Why should we worry? Again, this does not directly affect most international students. However, the symbolism of building a wall between the two countries has been one of the main divisive points of the Trump campaign – 79.8% of Mexican students said they would be less likely to study in America if Trump were elected, and this is a big reason why.

What’s happened so far? It’s reassuring to see there has been strong opposition amongst the HE community, with campus protests, and pastoral support for students. Likewise, some of the ‘sanctuary cities’ referred to have already started to contest the threatened funding withdrawal. San Francisco was the first city to file a lawsuit challenging this part of the order.

As to the wall itself, no bricks have been laid yet. It is still unclear where the funding for the wall would come from: Mexico’s treasury secretary, Luis Videgaray, has reiterated on several occasions that “Mexico, under no circumstances is going to pay for the wall.” It is most likely to be the US congress that foots the bill – if it happens.

Executive Order #4 – Local Law Can Enforce Immigration Law

What is it? An extension of EO #3, this order prioritises some undocumented immigrants with a view to deport them. It allows state and local police officers to enforce immigration on a local level. This is also the EO that suggests the government create a list of crimes committed by undocumented immigrants.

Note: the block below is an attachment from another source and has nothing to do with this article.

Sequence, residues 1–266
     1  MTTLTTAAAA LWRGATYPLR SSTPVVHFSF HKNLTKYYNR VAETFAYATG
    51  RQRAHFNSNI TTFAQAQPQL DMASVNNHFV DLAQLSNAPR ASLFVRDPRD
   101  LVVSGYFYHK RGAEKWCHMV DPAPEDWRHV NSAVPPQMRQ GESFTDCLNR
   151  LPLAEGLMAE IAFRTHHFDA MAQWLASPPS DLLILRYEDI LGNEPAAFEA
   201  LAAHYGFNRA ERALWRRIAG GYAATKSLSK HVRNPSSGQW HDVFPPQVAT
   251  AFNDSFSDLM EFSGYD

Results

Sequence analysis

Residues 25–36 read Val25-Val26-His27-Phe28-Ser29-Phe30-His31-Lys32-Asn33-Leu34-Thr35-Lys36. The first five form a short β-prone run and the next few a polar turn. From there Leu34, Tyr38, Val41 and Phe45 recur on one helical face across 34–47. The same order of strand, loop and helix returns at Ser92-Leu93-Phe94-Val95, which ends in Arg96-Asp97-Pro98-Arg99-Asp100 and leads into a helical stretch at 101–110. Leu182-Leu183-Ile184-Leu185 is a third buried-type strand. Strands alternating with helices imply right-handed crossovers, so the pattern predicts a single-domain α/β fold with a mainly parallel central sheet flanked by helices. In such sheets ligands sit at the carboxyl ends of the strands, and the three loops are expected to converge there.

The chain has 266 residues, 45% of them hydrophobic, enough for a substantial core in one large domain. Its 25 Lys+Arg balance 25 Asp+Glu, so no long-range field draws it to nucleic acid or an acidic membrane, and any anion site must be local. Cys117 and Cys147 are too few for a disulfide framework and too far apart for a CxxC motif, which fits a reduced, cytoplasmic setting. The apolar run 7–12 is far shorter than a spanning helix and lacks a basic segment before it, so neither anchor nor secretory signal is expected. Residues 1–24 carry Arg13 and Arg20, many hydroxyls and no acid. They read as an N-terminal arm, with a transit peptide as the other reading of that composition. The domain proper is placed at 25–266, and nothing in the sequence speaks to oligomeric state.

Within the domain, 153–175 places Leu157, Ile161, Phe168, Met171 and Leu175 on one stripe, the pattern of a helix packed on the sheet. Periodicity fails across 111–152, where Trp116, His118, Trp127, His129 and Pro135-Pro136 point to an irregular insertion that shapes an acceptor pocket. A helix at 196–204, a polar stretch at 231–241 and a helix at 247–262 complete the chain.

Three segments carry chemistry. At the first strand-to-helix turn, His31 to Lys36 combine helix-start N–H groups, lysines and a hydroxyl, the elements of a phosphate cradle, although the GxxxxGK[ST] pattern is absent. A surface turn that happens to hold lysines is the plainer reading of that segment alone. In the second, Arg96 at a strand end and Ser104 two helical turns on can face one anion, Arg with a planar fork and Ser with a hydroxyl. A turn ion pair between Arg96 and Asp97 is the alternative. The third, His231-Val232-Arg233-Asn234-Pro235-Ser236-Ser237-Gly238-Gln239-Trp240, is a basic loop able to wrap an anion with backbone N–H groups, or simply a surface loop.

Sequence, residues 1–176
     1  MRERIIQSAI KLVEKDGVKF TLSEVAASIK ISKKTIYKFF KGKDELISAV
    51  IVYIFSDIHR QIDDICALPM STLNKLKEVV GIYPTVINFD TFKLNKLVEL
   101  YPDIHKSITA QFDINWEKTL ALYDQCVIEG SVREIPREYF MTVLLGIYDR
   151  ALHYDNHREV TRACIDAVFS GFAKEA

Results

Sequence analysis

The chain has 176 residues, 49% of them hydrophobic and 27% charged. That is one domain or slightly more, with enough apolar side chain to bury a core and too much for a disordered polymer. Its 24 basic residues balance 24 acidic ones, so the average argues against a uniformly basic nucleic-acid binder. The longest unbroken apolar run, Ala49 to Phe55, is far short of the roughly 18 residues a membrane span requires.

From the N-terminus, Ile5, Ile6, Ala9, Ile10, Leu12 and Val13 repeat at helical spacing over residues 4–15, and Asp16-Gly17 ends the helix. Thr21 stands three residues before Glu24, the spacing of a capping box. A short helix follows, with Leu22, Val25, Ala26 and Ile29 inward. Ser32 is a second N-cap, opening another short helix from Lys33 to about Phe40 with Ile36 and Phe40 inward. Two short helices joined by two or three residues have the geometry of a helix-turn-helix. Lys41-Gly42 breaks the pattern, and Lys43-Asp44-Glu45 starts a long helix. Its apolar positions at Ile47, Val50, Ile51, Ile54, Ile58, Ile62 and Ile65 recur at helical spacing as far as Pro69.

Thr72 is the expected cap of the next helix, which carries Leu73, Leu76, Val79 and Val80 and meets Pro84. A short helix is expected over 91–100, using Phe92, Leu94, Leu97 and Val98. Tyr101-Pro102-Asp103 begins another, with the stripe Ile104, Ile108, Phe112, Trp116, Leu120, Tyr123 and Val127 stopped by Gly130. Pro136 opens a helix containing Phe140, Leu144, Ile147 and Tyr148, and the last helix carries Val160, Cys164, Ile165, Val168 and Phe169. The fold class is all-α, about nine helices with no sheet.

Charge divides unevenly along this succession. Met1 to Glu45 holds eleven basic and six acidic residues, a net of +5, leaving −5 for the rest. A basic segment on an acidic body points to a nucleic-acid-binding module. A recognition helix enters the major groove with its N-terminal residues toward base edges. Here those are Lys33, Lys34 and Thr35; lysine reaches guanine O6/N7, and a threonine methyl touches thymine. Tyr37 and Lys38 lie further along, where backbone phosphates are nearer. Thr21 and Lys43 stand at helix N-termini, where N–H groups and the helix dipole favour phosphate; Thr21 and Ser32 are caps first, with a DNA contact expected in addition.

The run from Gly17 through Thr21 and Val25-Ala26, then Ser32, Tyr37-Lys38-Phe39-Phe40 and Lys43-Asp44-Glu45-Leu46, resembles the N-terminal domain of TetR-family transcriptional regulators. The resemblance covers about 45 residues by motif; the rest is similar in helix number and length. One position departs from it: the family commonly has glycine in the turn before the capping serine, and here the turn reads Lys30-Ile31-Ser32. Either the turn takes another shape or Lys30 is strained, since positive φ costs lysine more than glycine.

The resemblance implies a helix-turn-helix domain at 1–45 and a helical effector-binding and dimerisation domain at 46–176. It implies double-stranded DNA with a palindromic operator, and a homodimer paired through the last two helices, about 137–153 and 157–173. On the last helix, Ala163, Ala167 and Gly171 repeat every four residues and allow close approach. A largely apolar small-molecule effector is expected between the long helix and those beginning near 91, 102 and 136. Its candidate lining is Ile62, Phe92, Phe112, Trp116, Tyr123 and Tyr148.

Why should we worry? This second order is somewhat overshadowed by The Wall, but is perhaps more worrying as it focuses on people already living, working and learning in the US. There are 800,000 students studying in the US under the deferred action for childhood arrivals (DACA) scheme, who are technically undocumented but known to the authorities. It is still unclear at the moment if these students will be affected by this ‘crack-down’ on undocumented immigrants.  

Meanwhile, the idea of state and local law enforcement performing the duties of immigration officers is likely to be worrying to all immigrant communities. Immigration law is very complex, and it is likely to be complicated further by having local forces, rather than specialists, interpreting it. This type of order suggests that whether someone is allowed to be in the country or not, they are more likely to be asked to prove they are legal and show documents on demand.

The idea of the list seems purely to make the public see the ‘bad things’ a minority of undocumented immigrants do, and again makes many international communities uneasy.

What has happened so far? Some universities, such as the University of Michigan, have stated that they are not going to be volunteering information about their students’ immigration status, but there is fear that the government may implement law to force them to do just that. A bill has been put forth in the New York State Senate that would, if passed, require schools and colleges in New York State to share statistical data about their students – although not personal information such as names.  

Executive Order #5 – Blocked Borders